- Selection of best tax-neutral venues, from cost and investor attractiveness perspectives.
Real and perceived risks of investing in funds domiciled in Mauritius, Netherlands, Cayman islands and others were also raised during discussions. Since most foreign investors still prefer to invest in familiar tax-neutral jurisdictions, it is encouraging to note global efforts towards strengthening tax transparency. Fund managers should also be aware of structures that are attracting scrutiny from local revenue authorities, particularly where capital is also being raised from domestic investors. For example, tax tribunals in certain jurisdictions take an unfavorable view of round tripping local investments through a tax neutral jurisdiction (although the structure may not necessarily be illegal). While seeking a tax-efficient structure however, you should under no circumstances attempt to evade tax.
A few takeaways from some of the experts engaged include:
- Follow the herd: As trite as this sounds, adopting a structure that is tried and tested by similar funds usually gets optimum results (although where the herd is prone to evading, it is of course not wise to follow them). It is always advisable to seek professional local tax advice for structuring your fund from someone who is familiar with navigating the various needs you will encounter with your investors. As a starting point however, you should investigate similar structures that already have the approval of the local regulators
- Think about your needs when seeking tax advice:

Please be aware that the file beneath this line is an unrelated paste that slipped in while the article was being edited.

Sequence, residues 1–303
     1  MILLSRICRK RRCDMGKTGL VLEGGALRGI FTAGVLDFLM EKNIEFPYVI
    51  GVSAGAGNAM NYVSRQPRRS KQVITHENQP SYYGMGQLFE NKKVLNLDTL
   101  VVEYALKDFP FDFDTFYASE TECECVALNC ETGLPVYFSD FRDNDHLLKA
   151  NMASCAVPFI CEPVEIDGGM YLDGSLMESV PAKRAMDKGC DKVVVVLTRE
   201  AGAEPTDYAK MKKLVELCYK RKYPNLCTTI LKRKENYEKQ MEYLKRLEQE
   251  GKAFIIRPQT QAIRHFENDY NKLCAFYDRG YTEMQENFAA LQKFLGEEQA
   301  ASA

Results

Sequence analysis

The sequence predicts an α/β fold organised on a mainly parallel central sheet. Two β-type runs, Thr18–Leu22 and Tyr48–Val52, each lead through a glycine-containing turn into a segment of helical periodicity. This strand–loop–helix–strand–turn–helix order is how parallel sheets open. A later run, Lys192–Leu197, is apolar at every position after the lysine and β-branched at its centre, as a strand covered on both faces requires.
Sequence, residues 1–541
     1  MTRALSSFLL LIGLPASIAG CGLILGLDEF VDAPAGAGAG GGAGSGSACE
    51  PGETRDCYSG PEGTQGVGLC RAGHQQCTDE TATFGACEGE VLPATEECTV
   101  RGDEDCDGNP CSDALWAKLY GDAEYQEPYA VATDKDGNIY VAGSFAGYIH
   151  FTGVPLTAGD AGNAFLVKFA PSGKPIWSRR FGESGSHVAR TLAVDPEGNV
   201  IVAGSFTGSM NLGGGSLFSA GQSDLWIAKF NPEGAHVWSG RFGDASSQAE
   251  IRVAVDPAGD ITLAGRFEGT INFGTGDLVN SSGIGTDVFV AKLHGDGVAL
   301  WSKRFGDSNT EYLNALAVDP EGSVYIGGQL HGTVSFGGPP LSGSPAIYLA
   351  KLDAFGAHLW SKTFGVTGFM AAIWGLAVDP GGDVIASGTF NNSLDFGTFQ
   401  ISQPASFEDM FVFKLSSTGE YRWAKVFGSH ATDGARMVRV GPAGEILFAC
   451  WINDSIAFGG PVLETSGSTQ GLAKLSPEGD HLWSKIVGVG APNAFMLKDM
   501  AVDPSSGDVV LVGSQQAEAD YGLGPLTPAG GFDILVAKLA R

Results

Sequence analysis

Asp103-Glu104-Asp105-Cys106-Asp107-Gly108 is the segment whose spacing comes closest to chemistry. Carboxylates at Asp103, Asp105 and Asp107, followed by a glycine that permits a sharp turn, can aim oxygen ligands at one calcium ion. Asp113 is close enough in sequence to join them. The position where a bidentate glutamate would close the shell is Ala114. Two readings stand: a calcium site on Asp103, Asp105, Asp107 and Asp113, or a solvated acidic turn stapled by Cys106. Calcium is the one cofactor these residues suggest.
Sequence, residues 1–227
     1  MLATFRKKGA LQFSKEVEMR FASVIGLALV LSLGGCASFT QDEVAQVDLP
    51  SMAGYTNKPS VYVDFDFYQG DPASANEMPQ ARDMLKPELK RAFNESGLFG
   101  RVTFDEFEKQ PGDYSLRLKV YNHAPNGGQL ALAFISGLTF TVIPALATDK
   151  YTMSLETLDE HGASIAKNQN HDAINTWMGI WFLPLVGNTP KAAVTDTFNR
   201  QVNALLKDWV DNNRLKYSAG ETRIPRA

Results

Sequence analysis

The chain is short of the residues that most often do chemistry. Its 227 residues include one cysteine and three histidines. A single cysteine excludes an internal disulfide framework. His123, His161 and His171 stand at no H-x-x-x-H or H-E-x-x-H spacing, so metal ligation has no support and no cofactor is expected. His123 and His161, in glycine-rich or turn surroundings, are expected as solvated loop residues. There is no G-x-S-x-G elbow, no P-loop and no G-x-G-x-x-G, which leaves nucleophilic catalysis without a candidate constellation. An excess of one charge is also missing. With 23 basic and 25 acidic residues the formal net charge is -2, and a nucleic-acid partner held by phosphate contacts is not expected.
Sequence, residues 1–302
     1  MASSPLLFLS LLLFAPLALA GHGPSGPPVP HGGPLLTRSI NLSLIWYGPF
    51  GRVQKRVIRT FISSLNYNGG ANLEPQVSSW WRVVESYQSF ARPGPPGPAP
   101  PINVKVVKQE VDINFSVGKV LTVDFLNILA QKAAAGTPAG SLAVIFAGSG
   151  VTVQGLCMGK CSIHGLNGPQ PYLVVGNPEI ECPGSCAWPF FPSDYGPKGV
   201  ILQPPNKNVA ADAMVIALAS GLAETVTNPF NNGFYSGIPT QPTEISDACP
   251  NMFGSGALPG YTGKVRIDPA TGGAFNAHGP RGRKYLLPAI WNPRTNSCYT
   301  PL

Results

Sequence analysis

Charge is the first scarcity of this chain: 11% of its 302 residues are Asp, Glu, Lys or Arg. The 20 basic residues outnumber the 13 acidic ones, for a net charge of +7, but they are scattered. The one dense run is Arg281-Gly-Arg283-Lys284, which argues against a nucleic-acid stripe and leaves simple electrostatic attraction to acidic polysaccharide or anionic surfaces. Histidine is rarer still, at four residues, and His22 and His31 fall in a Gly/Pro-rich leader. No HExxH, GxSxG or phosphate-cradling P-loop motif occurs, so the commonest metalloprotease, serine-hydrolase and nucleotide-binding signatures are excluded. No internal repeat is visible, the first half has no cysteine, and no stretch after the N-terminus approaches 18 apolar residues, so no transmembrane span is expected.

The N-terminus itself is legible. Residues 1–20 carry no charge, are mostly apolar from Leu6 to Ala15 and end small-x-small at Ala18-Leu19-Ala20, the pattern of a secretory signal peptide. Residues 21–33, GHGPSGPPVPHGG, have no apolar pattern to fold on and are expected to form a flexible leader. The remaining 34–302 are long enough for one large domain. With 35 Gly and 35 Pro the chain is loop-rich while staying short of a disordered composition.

Where financial strategy is required, it is better to consult with accounting firms that have proven domain expertise in local market and/or international taxation than with attorneys. Tax attorneys are generally more helpful with advising on tax liability disputes.
- Leave room for change: When the laws change (as they often do), you may need to retain the ability to respond to these changes by adapting your fund structure. You should ensure therefore that your investment agreements are not unnecessarily restrictive on this front. If you wonder why this is important, ask anyone who has a fund investing into India via Mauritius as of 2016-17.
- Make life (slightly) easier for your investors: Prepare a tax memo that provides investors with an overview of the fund’s structure and their various options for making a tax-efficient investment, like tax credits or tax exemptions if any. As mentioned earlier, identifying your investors beforehand as tax-exempt pension funds or DFIs can help you address options specific to them through the memo. However the memo is not intended to be a legal or formal tax advice document. Although investors will seek their own tax advice, they will appreciate a handy outline of the possible benefits or options they can explore.
The Panama Papers episode has shown us how perfectly legal structures can be called into question, insinuating the intention is to evade tax. Even with the purest of intentions, it is essential to consider various investment structures carefully before setting up your fund and leave options for flexibility once your fund is set up.
Drop us a line at info[at]capria[dot]vc or @CapriaVC with your thoughts and suggestions!